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Patients with postoperative atrial fibrillation have a doubled cardiovascular mortality
Örebro University, School of Health and Medical Sciences.ORCID iD: 0000-0002-6913-0669
(English)Manuscript (Other academic)
National Category
Surgery
Research subject
Surgery
Identifiers
URN: urn:nbn:se:oru:diva-2987OAI: oai:DiVA.org:oru-2987DiVA, id: diva2:136243
Available from: 2008-09-01 Created: 2008-09-01 Last updated: 2017-10-18Bibliographically approved
In thesis
1. Atrial fibrillation in cardiac surgery
Open this publication in new window or tab >>Atrial fibrillation in cardiac surgery
2008 (English)Doctoral thesis, comprehensive summary (Other academic)
Abstract [en]

Atrial fibrillation (AF) is the most common arrhythmia seen in clinical practice. In cardiac surgery, one-third of the patients experience episodes of AF during the first postoperative days (postoperative AF), and patients with preoperative AF (concomitant AF) can be offered ablation procedures in conjunction with surgery, in order to restore ordinary sinus rhythm (SR). The aim of this work was to study the relation between postoperative AF and inflammation; the long-term consequences of postoperative AF on mortality and late arrhythmia; and atrial function after concomitant surgical ablation for AF.

In 524 open-heart surgery patients, C-reactive protein (CRP) serum concentrations were measured before and on the third day after surgery. There was no correlation between levels of CRP and the development of postoperative AF.

All 1,419 patients with no history of AF, undergoing primary aortocoronary bypass surgery (CABG) in the years 1997–2000 were followed up after 8.0 years. The mortality rate was 191 deaths/1,000 patients (19.1%) in patients with no AF and 140 deaths/419 patients (33.4%) in patients with postoperative AF. Postoperative AF was an age-independent risk factor for late mortality, with a hazard ratio (HR) of 1.56 (95% CI 1.23–1.98). Postoperative AF patients had a more than doubled risk of death due to cerebral ischaemia, myocardial infarction, sudden death, and heart failure compared with patients without AF.

All 571 consecutive patients undergoing primary CABG during the years 1999–2000 were followed-up after 6 years. Questionnaires were obtained from 91.6% of surviving patients and an electrocardiogram (ECG) from 88.3% of all patients. In postoperative AF patients, 14.1% had AF at follow-up, compared with 2.8% of patients with no AF at surgery (p<.001). An episode of postoperative AF was found to be an independent risk factor for development of late AF, with an adjusted risk ratio (RR) of 3.11 (95% CI 1.41–6.87).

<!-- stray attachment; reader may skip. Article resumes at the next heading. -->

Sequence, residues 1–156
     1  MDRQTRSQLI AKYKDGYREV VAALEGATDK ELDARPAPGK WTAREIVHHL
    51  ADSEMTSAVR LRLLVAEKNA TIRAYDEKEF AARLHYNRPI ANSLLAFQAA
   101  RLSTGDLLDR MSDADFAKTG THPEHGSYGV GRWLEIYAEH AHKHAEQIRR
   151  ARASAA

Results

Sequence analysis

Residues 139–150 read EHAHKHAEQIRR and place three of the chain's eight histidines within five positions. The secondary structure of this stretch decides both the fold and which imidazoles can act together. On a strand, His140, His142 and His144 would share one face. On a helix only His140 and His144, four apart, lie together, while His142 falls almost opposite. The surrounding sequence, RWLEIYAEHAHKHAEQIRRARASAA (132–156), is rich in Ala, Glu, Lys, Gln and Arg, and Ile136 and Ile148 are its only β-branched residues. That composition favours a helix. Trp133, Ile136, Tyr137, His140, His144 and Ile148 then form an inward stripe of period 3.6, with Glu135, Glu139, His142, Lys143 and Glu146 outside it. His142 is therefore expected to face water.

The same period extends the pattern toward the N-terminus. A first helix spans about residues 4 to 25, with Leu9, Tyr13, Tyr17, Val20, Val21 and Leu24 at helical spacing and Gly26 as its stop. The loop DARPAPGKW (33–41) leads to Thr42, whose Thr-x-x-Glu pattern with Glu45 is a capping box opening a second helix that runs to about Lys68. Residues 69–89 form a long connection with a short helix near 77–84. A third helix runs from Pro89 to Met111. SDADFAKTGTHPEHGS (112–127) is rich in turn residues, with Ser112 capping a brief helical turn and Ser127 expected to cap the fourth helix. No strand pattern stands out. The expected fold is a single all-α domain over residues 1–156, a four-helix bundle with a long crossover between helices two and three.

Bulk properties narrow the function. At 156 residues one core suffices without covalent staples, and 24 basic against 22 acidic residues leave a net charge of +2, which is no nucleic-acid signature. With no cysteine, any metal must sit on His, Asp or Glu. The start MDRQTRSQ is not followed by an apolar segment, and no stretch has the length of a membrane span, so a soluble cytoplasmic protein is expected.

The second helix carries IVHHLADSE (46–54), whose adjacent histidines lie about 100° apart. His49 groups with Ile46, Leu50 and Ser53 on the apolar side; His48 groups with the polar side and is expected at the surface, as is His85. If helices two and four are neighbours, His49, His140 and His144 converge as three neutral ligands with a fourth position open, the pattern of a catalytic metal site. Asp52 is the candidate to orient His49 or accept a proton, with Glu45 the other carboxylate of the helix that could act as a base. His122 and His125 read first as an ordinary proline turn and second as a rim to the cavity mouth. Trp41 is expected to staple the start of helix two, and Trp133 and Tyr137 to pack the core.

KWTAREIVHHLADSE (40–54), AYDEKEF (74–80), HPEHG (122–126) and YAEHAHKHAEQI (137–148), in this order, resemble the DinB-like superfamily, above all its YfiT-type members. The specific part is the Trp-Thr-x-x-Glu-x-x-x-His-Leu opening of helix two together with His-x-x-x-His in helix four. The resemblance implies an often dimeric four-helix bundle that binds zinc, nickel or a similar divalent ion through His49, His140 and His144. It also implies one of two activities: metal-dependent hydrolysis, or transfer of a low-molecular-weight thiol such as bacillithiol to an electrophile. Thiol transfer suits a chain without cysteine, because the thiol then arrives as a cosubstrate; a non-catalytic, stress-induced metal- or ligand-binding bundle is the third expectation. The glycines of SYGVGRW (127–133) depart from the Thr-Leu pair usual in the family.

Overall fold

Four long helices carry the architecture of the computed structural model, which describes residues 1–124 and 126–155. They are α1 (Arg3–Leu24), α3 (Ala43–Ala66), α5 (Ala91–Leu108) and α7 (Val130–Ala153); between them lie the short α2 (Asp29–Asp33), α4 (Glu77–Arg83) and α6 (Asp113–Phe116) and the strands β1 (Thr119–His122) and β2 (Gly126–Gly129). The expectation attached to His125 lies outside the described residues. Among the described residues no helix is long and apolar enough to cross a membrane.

Epicardial microwave ablation was performed in 20 open-heart surgery patients with concomitant AF. Transthoracic echocardiography was performed preoperatively and at 6 months postoperatively. At 12 months postoperatively 14/19 patients (74%) were in SR with no anti-arrhythmic drugs. All patients in SR had preserved left and right atrial filling waves (A-waves) and Tissue velocity echocardiography (TVE) showed preserved atrial wall velocities and atrial strain.

In conclusion, postoperative AF is an independent risk factor for late mortality and later development of AF. There is no correlation between the inflammatory marker CRP and postoperative AF. Epicardial microwave ablation of concomitant AF results in SR in the majority of patients and seems to preserve atrial mechanical function.

Place, publisher, year, edition, pages
Örebro: Örebro universitet, 2008. p. 101
Series
Örebro Studies in Medicine, ISSN 1652-4063 ; 18
Keywords
Atrial fibrillation, Inflammation, CABG surgery, Survival analysis, Follow-up studies, Ablation, Microwave, Transmurality, Atrial function, Tissue velocity echocardiography
National Category
Surgery
Research subject
Surgery esp. Thoracic and Cardivascular Surgery
Identifiers
urn:nbn:se:oru:diva-2442 (URN)978-91-7668-615-7 (ISBN)
Public defence
2008-09-19, Wilandersalen, Universitetssjukhuset, Örebro, 09:00 (English)
Opponent
Supervisors
Available from: 2008-09-01 Created: 2008-09-01 Last updated: 2017-10-18Bibliographically approved

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Ahlsson, Anders

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CiteExportLink to record
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